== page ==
But how can the worshiper focus his mind on an invisible Spirit? We must not imagine some visible shape to God. Rather, Preston said, “fix thy mind chiefly on his attributes”: God’s power, grace, patience, mercy, faithfulness and purity.[16] Baynes said that we must “tune our hearts” to the attributes of God: “If I sing of his goodness, I must find my heart inflamed with love to him; if of his wisdom, or power, I must have a holy admiration of them; if of his works of mercy to the saints, I must [rejoice with them] in it; if of his judgments, I must fear.”[17]

Perkins taught that spiritual worship consists of two parts: “adoration of God, and cleaving to God” (Deut. 10:20).[18] In adoration, a man humbles and denies himself to make God’s wisdom our wisdom and God’s will to be our will.[19] Adoration includes the fear of the Lord, obedience from the heart, quiet submission to God’s hand of affliction, and thankful consecration of all we are and have for His service.[20]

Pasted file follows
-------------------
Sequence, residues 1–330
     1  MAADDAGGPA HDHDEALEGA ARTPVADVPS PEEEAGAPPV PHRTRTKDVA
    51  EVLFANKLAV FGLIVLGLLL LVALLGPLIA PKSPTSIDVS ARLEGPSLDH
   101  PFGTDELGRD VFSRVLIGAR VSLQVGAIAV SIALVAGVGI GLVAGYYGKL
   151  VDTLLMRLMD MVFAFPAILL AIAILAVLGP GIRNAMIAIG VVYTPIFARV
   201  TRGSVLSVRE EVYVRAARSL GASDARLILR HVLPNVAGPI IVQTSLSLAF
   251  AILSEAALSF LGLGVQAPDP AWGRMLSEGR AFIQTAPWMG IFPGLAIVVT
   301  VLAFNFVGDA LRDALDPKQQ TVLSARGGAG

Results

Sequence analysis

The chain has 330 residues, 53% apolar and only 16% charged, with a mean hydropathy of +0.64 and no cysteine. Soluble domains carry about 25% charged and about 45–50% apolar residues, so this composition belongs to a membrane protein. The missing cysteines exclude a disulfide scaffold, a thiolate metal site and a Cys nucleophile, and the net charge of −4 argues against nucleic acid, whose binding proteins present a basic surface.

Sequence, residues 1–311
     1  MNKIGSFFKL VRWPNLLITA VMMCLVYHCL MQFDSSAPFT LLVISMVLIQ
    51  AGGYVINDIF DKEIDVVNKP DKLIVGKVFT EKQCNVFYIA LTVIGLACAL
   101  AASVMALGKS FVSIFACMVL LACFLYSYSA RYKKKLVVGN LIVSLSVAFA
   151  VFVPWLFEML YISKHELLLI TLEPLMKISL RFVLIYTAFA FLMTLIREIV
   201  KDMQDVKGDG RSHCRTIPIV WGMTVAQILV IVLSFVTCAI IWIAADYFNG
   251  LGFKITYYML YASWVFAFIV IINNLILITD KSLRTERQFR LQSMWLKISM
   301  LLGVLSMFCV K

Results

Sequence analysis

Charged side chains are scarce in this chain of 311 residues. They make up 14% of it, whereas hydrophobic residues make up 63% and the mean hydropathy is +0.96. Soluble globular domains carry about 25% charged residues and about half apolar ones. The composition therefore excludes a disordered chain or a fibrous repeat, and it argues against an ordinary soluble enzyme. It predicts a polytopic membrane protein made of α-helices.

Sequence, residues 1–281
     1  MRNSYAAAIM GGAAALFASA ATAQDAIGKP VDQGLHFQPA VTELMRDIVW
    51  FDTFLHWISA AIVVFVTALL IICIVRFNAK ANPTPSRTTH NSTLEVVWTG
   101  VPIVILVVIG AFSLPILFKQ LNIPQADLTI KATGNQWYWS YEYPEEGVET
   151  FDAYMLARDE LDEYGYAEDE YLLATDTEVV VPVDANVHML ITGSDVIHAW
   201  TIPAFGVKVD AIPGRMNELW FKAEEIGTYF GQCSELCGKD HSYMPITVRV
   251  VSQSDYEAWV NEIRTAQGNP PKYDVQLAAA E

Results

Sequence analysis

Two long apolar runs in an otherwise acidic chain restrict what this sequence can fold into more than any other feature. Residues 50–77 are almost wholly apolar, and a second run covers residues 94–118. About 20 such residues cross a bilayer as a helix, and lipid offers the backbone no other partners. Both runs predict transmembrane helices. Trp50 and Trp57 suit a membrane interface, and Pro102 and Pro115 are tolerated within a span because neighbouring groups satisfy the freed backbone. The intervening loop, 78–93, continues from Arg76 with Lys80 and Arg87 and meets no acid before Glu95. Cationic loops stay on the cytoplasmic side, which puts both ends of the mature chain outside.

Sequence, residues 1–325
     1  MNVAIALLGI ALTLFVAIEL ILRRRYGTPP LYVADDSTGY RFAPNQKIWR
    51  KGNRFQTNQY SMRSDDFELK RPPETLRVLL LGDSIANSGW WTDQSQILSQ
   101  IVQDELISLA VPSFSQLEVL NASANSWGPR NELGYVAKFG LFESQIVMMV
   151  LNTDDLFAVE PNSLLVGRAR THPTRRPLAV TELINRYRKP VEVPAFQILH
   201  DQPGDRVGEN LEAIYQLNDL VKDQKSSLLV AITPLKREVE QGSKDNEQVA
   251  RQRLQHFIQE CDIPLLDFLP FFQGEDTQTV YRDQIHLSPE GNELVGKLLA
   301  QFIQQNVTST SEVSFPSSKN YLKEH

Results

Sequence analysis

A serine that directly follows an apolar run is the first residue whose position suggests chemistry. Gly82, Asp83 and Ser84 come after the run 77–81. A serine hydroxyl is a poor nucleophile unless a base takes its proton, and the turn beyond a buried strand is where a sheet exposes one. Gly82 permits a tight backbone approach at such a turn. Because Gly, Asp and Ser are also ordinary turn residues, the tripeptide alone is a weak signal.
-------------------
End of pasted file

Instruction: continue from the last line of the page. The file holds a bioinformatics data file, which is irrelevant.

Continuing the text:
To “cleave” to God is “to be knit unto him in heart.”[21] This includes trusting God’s promises, hoping in Him for full redemption, loving God for who He is, and calling upon Him out of our distresses.[22] As Charnock said, the soul of the spiritual worshiper “seems to be transformed into hunger and thirst, and becomes nothing but desire. . . . He pants after God. . . . He boils up in desires for God.”[23]